researcher will also generate antibodies to the encoded proteins and study
their interaction with other proteins using both the yeast two hybrid system
and in vitro biochemistry.  In addition the researcher will make use of
pupal injections of inhibitors and other reagents.  The researcher is
required to have a PhD.  Please submit resume and names of references to Dr.
Paul Adler, Biology Department, University of Virginia, PO Box 400328 Gilmer
Hall, Charlottesville, VA 22904.  The closing date for the receipt of
applications is May 20, 2005.

 

Posted Wednesday, April 27, 2005

 

 

Postdoctoral Fellow, Georgetown University, Washington, DC

NIH-funded postdoctoral position available immediately to study vascular development using the zebrafish as a model system. Our laboratory employs a diverse array of molecular, biochemical, imaging, and embryological techniques to elucidate genetic pathways that control vessel development. Successful applicant will participate in project aimed at defining the role of the TGF beta type I receptor, Alk1, in vascular development and disease.

Qualified candidates must be self-motivated and have a strong commitment to basic research. A PhD in Molecular Biology, Genetics, Biochemistry, or a related field, and expertise in Molecular Biology are required. Developmental Biology experience is preferred.

Interested qualified candidates should send (1) a cover letter summarizing scientific accomplishments and providing a statement of future research goals; (2) a full CV; and (3) full contact information for three references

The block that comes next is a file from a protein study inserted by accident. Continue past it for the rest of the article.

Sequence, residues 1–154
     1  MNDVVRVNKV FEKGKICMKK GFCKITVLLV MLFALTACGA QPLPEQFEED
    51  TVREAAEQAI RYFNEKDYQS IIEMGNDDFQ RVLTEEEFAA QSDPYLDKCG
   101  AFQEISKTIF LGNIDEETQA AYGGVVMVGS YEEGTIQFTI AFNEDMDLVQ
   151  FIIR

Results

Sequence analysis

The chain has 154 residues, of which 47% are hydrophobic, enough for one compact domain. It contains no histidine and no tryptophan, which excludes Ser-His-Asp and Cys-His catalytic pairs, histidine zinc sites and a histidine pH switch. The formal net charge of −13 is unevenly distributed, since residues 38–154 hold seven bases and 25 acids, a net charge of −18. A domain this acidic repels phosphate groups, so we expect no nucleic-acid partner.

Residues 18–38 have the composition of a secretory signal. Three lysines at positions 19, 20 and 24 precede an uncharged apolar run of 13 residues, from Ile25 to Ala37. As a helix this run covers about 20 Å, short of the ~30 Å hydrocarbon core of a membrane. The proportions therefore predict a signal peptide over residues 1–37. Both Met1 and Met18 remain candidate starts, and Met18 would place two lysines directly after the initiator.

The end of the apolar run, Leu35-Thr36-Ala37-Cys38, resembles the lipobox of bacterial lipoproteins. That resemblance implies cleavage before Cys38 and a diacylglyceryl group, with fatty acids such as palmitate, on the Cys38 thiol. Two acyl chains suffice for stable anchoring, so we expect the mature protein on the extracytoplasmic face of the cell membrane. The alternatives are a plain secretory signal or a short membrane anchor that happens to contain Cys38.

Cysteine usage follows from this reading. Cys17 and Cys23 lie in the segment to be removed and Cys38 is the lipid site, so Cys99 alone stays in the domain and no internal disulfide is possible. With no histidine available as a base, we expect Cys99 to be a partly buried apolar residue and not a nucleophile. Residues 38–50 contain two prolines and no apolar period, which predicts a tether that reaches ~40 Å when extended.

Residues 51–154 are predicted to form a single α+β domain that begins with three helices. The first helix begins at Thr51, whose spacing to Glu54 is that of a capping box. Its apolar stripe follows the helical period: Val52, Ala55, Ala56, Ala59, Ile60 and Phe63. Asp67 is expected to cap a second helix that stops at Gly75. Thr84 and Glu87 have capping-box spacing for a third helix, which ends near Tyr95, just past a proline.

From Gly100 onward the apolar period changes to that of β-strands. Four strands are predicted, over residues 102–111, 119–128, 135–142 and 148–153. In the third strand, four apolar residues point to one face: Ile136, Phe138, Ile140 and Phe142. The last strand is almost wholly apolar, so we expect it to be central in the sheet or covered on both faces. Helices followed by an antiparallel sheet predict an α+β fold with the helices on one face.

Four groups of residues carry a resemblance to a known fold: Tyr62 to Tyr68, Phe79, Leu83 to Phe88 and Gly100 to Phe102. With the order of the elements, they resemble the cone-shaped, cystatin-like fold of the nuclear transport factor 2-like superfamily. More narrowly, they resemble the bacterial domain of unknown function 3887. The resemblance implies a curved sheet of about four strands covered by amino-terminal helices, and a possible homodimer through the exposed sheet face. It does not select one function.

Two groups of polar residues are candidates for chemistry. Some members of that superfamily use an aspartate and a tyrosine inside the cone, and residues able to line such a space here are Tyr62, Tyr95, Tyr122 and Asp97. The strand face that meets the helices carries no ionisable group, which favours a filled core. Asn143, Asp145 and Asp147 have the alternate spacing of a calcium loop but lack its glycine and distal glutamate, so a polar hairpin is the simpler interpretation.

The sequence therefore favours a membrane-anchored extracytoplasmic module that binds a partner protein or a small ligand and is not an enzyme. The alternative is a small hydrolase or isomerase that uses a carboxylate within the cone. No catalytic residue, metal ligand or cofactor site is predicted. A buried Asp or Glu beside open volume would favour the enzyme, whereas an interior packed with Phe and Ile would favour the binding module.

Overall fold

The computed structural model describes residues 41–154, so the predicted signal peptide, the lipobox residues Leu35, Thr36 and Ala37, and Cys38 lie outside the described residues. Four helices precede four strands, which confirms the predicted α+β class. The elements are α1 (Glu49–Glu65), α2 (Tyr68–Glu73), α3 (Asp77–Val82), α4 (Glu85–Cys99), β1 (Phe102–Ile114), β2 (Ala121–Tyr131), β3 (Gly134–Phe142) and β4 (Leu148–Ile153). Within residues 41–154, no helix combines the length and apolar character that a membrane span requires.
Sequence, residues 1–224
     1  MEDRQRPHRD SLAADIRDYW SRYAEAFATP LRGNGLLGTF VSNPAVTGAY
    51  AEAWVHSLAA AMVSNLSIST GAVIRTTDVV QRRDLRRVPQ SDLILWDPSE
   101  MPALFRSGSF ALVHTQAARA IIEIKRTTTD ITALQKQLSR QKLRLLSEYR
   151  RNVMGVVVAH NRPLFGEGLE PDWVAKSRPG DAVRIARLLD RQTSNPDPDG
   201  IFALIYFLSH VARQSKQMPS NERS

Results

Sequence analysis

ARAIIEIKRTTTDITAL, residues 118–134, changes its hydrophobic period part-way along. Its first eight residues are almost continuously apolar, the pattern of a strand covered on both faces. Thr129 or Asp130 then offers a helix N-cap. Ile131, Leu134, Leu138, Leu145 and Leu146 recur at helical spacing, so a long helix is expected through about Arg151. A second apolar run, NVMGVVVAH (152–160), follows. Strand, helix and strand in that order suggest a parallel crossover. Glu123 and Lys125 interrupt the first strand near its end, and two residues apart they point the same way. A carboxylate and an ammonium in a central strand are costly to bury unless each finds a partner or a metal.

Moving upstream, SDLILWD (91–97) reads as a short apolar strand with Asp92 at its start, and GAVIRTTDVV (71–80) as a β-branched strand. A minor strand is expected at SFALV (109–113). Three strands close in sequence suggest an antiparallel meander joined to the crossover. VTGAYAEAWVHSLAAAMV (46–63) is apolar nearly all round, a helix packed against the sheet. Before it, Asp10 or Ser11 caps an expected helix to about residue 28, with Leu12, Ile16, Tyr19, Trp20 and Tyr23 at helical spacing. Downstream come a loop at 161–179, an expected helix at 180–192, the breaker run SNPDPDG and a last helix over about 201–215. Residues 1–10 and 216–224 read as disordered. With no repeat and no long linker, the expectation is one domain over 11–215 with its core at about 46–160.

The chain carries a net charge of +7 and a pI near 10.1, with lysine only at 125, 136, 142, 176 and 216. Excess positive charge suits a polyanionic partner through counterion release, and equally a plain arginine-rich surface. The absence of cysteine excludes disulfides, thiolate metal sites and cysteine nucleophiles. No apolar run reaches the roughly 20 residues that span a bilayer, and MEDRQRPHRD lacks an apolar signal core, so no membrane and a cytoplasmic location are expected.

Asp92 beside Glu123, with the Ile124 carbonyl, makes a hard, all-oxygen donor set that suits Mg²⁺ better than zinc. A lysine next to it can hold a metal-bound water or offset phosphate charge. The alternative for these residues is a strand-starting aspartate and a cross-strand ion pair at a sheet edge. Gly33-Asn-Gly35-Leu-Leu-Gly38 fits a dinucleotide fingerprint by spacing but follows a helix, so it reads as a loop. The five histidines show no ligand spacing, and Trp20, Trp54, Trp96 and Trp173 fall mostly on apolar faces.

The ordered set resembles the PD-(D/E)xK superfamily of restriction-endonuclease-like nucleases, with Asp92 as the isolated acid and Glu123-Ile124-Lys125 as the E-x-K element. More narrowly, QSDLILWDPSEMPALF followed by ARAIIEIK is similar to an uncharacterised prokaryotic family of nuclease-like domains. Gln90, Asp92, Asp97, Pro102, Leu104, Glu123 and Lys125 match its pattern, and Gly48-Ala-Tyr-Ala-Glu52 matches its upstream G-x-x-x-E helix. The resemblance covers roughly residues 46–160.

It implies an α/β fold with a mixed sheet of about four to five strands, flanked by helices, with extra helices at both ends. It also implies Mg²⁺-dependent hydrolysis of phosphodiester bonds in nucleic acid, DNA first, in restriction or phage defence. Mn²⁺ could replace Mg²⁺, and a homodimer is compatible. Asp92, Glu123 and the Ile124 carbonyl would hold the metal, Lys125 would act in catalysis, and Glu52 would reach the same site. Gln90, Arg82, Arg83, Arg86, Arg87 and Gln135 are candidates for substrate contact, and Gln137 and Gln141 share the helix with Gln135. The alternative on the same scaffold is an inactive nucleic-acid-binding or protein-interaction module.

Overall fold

to:

Beth Roman, PhD
blr4@georgetown.edu (preferred method of contact)
Georgetown University Medical Center
NW206 Medical/Dental Building
Washington, DC 20057

 

Posted Wednesday, April 27, 2005

 

 

Postdoctoral Position at UCLA, Los Angeles, CA

Postdoctoral position is available to study the molecular mechanisms involved in the development of the pancreas and its relevance to research in diabetes. We use a variety of approaches, including genetic analysis of mutant mouse strains, development of tissue-specific and inducible transgenes, and in vitro explant cultures. Our focus is currently on understanding how pancreatic progenitor cells coordinate proliferation with differentiation and the mechanisms that regulate beta cell replication (see J Clin Invest. (2004) 114 (7):963-8).  Candidates with experience in cell and molecular biology techniques are desirable. The position is ideal for someone who has recently obtained a Ph.D. and/or M.D. and seeks to pursue training in the field of diabetes research.

Please send a C.V. with the names of three references to: Dr. Anil Bhushan, Assistant Professor, Larry Hillblom Islet Research Center, UCLA, 900A Weyburn Place North, Los Angeles, CA 90095.  Email: abhushan@ucla.edu  

 Posted Wednesday, April 6, 2005

 

Developmental Biology Postdoctoral Fellow Position at NIAMS, NIH, Bethesda, MD

Postdoctoral fellow position available in Cartilage Biology and Orthopaedics Branch of NIAMS/NIH, to participate in cellular and molecular analysis of mesenchymal differentiation, in particular chondrogenesis and osteogenesis.  Topics include: Wnt signaling, growth factors, extracellular matrix, limb development, and applications to adult  human mesenchymal stem cells and skeletal tissue engineering and regeneration.  Requirement: PhD level research in cell and molecular aspects of developmental biology.  The CBOB is a highly interactive group consisting of developmental biologists, cell/molecular biologists, bioengineers, and clinicians, focused on skeletal biomedicine.